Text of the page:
Dry Mouth | Spirit Dental & Vision



Dry Mouth - Drugs - Dental Health Articles

By: Spirit Dental
February 14, 2011


Mug full of pills and vitamins


People who take multiple drugs for health conditions may be more likely to notice effects on saliva or taste, a study concludes.

The study involved 531 people who visited a cardiology clinic in Saudi Arabia. About 14% of them had at least one oral symptom, including:

  • Dry mouth (8%)
  • White or grey patches in the mouth (4%)
  • Problems involving the sense of taste (2%)

For most people, these conditions were not bothersome.

Dry mouth was more common in women, and in people with diabetes.

No specific heart drug was linked with any of the three conditions in this study. But the researchers did find that people who took multiple drugs — including drugs for non-heart-related conditions — were more likely to have mouth-related symptoms.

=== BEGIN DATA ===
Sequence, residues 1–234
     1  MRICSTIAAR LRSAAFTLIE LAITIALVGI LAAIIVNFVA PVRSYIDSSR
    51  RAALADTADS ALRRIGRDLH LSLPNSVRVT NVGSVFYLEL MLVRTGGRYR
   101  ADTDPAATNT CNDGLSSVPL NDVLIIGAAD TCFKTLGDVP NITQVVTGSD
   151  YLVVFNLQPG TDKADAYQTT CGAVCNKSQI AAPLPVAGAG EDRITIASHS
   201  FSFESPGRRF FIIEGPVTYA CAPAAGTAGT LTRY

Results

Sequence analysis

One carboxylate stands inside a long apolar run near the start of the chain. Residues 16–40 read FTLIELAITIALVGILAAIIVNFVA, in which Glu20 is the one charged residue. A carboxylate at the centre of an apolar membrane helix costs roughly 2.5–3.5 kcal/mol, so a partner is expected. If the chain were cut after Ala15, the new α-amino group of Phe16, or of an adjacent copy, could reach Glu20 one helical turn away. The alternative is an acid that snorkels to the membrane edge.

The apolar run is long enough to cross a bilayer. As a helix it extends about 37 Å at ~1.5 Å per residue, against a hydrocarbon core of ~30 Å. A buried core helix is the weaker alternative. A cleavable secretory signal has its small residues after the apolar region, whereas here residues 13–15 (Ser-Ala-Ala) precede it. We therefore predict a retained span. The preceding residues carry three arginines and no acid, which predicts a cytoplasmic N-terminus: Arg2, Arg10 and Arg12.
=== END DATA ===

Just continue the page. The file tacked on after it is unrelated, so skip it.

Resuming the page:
Many drugs for heart conditions can have effects in the mouth. For example, some drugs for high blood pressure or congestive heart failure can cause dry mouth. Dentists call this condition xerostomia. Dry mouth can increase the risk of tooth decay. Experts recommend that people give their dentist a list of the drugs they are taking, and their doses.     



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